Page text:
Lack of affordable electricity, manufacturers rush to diesel generators

Who doesn’t have their spare diesel? For the past few weeks, companies have been struggling to protect themselves against soaring energy costs. Some are reducing their production, others are shifting it to nights or weekends when electricity is cheaper. To save money, many also turn to generators which, in addition, allow them to protect themselves from cuts. This is the case for SMEs as well as large groups such as Michelin or the glassmaker Arc International.

With an electricity cost above €400/MWh, it is financially more advantageous to use a back-up generator to produce its current, rather than being connected to the network. On the wholesale markets, on Friday September 30, prices were €885/MWh for November and €1,320/MWh for December.

Machines arrive from abroad

“It’s the rush, to the point that there will probably not be enough machines for everyone”, estimates Thibaut George, CEO of Axciss, an industrial maintenance group, whose subsidiary, Dekran Power, rents temporary electrical installations. To meet demand, he explains that he has already urgently repatriated around fifty generators from the Middle East in order to reinstall them in Champagne and the Alps. His customers don’t want to be quoted, he says, because they’re afraid of being attacked for their environmental footprint.

Until now, the French generator market was quite limited, with rather stable sales. It is mainly aimed at structures that must be equipped for regulatory reasons (shopping centers, hospitals, etc.), and those that have specific needs, such as major construction sites and event organizers.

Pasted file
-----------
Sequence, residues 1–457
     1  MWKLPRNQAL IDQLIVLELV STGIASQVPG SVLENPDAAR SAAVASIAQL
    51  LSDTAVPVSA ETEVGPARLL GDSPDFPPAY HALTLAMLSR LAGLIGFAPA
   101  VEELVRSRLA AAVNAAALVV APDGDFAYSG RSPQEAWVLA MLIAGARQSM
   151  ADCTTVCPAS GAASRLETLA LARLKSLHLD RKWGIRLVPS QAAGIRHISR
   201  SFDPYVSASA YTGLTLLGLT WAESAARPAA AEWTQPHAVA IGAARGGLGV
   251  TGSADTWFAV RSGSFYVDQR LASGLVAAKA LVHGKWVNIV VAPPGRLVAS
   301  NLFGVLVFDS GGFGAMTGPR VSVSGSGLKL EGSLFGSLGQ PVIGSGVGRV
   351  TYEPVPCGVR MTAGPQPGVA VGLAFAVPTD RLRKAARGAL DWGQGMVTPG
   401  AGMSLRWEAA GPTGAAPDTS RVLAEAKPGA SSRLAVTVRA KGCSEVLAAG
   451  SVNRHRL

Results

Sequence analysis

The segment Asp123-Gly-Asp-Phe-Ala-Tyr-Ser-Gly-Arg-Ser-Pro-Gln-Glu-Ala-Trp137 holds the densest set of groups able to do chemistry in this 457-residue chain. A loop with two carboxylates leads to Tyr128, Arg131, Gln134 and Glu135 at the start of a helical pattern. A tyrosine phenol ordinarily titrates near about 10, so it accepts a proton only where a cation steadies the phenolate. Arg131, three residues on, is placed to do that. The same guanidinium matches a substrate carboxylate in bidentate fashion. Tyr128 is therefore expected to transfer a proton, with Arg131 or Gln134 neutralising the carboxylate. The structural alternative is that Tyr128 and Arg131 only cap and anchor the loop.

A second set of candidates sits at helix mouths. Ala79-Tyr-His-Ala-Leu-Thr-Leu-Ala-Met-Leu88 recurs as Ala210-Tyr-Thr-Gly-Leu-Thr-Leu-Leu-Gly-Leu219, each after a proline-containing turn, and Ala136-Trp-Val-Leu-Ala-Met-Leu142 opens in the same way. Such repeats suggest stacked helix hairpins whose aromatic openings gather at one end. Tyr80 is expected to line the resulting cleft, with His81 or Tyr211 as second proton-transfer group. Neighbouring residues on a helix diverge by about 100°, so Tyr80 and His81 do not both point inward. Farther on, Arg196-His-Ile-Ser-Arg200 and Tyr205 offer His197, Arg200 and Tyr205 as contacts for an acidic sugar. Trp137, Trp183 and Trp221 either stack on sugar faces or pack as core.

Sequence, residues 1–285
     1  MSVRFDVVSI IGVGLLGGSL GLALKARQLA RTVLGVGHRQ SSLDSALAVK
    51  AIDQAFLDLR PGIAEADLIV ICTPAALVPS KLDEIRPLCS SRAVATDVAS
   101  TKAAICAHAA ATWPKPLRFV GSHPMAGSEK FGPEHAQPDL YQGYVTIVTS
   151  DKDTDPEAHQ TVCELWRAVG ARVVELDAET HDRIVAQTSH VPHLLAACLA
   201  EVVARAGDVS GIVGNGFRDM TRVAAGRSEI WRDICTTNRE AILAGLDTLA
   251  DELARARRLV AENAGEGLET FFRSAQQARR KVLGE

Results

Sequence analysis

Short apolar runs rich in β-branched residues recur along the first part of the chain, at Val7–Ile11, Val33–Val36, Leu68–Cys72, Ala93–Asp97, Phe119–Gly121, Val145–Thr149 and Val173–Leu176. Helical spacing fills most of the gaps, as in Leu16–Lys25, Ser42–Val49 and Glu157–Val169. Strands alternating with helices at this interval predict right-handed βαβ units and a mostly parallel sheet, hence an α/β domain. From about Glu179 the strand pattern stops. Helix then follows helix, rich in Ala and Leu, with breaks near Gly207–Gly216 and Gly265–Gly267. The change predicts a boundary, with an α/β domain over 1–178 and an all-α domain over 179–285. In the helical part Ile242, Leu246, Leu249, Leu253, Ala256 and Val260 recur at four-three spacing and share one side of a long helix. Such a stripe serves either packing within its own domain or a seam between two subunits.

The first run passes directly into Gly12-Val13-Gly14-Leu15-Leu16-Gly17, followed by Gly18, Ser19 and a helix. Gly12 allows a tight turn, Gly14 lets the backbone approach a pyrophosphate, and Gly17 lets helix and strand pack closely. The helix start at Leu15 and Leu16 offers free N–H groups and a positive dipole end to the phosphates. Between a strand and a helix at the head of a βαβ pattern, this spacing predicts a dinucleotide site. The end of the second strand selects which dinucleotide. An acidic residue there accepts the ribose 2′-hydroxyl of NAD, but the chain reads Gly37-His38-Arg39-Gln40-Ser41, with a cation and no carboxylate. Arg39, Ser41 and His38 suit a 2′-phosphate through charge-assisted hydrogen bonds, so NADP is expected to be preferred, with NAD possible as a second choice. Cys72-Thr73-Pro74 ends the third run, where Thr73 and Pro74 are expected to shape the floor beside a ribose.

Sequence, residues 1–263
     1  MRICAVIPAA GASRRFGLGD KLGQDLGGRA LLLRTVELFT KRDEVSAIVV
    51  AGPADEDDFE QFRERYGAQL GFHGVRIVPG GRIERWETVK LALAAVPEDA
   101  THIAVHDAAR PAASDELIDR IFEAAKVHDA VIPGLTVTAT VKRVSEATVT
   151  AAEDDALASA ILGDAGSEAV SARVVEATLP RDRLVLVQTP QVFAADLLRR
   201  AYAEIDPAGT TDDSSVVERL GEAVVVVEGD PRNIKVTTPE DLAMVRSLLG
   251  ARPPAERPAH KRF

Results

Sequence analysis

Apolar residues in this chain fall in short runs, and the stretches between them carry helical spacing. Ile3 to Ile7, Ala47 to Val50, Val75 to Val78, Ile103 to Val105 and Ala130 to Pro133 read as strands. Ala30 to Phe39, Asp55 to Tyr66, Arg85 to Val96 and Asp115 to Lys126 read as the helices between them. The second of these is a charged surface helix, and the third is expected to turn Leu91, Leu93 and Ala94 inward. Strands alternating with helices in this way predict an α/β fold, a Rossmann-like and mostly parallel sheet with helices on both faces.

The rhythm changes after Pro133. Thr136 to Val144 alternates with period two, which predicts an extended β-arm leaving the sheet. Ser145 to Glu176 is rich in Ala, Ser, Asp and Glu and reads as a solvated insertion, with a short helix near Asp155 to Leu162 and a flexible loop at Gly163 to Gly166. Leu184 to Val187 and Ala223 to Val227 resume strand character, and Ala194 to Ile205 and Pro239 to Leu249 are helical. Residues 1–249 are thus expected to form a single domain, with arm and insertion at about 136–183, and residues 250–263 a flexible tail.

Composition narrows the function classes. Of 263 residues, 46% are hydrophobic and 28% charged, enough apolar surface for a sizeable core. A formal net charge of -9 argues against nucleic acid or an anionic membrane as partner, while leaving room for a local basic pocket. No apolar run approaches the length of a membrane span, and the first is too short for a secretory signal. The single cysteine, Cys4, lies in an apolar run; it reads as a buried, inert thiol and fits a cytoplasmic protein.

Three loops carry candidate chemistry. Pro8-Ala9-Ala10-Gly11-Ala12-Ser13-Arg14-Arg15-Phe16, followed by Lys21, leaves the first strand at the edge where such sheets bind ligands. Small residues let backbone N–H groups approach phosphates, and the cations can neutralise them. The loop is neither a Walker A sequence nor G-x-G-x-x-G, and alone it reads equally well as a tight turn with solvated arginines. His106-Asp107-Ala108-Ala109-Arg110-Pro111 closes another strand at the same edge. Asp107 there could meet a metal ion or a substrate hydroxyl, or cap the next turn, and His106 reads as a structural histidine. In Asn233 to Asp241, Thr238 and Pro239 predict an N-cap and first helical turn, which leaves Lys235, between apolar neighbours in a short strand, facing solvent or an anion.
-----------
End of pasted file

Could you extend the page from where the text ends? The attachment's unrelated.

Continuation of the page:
The prices are very variable

But today, the demand changes dimension. “Many manufacturers are panicking and looking for solutions, especially those who cannot afford to stop their machines”, explains Frank Roubanovitch, President of the CLEEE, an association of large energy consumers. Some want to run the groups 24 hours a day, which also requires the urgent construction of tanks, some of which can hold up to 20,000 litres. To get one megawatt hour of electricity, you need 250 liters of diesel.

To meet their needs, companies are also looking to rent several generators, connected to each other. This is the case, for example, in metallurgy, sugar refineries or even cement factories, whose demand can be around 10 MWh. The prices of the installations vary, obviously, according to the size. It takes about twenty thousand euros for a plant supplying a food store equipped with refrigerators.

Shortages on all components

For large installations, the bill can rise to €400,000 for those producing 1 MWh. There are few manufacturers, and to the cost of the machine itself is added the electrical equipment needed to operate it, such as transformers.

“We are in a situation of shortage of everything, such as cables, and waiting times are getting longer. To have a large circuit breaker, it takes between fifteen and twenty weeks. Ditto for a tank of diesel. For a high-voltage transformer, there is a one-year delay,” underlines the boss of Axciss. There is also a lack of personnel, both to pour the concrete and to adjust the installations. In the Drekan factory in Aisne, employees now work on Saturdays and the company is urgently looking to hire temporary workers.

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